• Upskill - Enhance skills within existing competencies of functions (For example, trainingteachers on socially distanced seating arrangements, teaching and learning with PPE, or no-contact student collaboration.)
  • Reskill - learn entirely new competencies or functions previously held by separate roles. (For example, all teachers will be required to develop skills in virtual instruction, social and emotional learning, and embrace a high level of ambiguity.)

 

Revisiting these competencies are essential to determine what to address in a new normal. For more information on how to develop a sense of belonging among the school atmosphere to increase teacher retention click here. More than ever exploring the candidate journey as it pertains to recruitment is essential to success in this climate as well to determine the impact and adjustments to recruitment. Following the Attract and Recruitment phases are highly recommended. These involve Candidate Awareness, Candidate Consideration, Candidate Application, and Candidate Selection. In the absence of in-person moments, Education Element even recommends a one-pager and day-in-the-life video to communicate what new team members may expect to eliminate candidate concerns during the hiring process. Allowing candidates to see what life is like in your district can increase your chances of creating a great group of candidates.

On the Bright Side

“The things we know, the things we know we don’t know, and the things we don’t know we don’t know”

- Donald Rumsfeld

The reality is that even though the future is unclear amidst COVID-19, the highs and lows of the pandemic are at least one less unknown. Now both teachers, and school district leaders have the opportunity to explore territory that can leave their districts better prepared and equipped for the future! Here are some of the known unknowns that school leaders can take note of according Education Elements;

  1. We don't know the impact that COVID-19 may have on our workforce, BUT we do know that our traditional teaching, staffing, and professional support models need to be revisited!
  2. We don't know if this may happen again, BUT we do know that we must revisit the skills and the extent to which we are ready and communicate them effectively!
  3. We don't know how long this will last, BUT we do know we must recruit virtually to fill existing demands.

We can also assume that candidates will be looking to be flexible and assess the different needs of the district. The tools and training needed may now weigh greater in school and district value proposition. Clearly identified needs on social media and beyond may increase the likelihood of teachers open to virtual teaching.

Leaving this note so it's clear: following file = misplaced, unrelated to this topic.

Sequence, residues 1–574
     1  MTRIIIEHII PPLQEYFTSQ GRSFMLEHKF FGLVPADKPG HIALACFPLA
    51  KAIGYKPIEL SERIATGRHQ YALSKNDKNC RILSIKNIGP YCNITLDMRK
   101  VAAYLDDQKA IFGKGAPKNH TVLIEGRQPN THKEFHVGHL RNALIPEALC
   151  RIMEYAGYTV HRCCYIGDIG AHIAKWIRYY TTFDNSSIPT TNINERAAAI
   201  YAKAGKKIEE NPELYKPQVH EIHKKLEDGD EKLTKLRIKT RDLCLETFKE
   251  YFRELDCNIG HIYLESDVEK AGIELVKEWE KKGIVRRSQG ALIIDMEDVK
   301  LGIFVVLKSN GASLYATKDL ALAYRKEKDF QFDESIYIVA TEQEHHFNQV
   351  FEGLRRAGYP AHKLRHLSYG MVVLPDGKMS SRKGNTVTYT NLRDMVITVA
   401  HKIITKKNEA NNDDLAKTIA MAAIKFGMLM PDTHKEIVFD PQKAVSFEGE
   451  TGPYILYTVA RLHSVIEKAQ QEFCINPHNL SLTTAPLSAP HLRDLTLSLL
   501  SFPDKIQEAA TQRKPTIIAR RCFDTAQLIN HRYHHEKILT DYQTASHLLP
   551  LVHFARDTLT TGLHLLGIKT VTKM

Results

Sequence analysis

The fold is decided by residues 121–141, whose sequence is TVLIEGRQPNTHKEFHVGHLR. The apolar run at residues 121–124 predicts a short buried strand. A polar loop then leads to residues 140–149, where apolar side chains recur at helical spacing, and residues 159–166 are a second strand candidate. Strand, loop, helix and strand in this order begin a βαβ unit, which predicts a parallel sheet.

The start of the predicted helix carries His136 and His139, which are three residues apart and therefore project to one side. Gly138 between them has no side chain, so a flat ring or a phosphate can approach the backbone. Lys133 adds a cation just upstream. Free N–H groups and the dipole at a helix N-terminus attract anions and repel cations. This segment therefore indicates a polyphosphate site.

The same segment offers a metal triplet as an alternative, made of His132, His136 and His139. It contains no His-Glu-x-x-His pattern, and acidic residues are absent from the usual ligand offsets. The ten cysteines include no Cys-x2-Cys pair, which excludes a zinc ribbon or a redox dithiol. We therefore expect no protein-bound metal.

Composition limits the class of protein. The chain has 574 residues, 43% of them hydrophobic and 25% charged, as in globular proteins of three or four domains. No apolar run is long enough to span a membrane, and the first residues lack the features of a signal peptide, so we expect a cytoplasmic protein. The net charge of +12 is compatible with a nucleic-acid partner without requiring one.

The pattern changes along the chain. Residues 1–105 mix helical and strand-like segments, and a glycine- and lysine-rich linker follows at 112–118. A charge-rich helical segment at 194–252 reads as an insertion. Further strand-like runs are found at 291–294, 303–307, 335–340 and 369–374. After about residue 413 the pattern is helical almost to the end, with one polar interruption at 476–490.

Also, as of June 15th, 2,350 applications for teachers had been made for teacher training courses in Wales. All in all, numbers applying for training to become a teacher have increased by 19% this year. With individuals not able to submit multiple applications, there is a likelihood that it could lead to an increase of trainees. Interestingly enough, Mr. Worth of the National Foundation of Educational Research reported that with many industries struggling during lockdown and fewer opportunities, people are being attracted to teaching as a career choice. This means more qualified teachers on the market! Teaching has become a front runner for future careers for recent college graduates. So where there are shortages of teachers on the market, we may encounter an influx of new, qualified teachers.

The Shift in the Workplace

Another bright side of this to take note of is that despite the teacher shortages, there isn't a talent shortage. With the right recruitment strategy, schools can attract some incredible talent especially with the sudden influx of candidates interested in training programs. The yet-to-be-discovered teaching talent is where most may least expect to find a surplus of educators.

To make adjustments to the recruitment strategy and flatten the recruitment dip, schools and districts should review this candidate journey and explore creative new ways to recruit teachers while revisiting their core competencies to retain current talent.

YES, Inc. Recruitment Season 2020-2021

To bring effective teacher candidates to our districts, Youth Empowerment Services, Inc. is effectively utilizing the mindset and ideas presented in this blog to persevere during the COVID-19 pandemic. In addition, we are preparing to open our new recruitment campaign for our upcoming 2020-2021 Teacher Preparation Training and recruitment season (October 2020)! If you are a certified teacher who is interested in partaking in this process check out our website for details and upcoming opportunities!